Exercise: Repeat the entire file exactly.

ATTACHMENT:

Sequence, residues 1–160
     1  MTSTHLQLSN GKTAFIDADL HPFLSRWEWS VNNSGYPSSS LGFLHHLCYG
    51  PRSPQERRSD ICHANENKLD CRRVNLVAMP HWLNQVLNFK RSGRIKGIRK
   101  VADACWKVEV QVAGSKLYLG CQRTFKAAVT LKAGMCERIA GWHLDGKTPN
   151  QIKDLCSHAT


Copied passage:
Sequence, residues 1–160
     1  MTSTHLQLSN GKTAFIDADL HPFLSRWEWS VNNSGYPSSS LGFLHHLCYG
    51  PRSPQERRSD ICHANENKLD CRRVNLVAMP HWLNQVLNFK RSGRIKGIRK
   101  VADACWKVEV QVAGSKLYLG CQRTFKAAVT LKAGMCERIA GWHLDGKTPN
   151  QIKDLCSHAT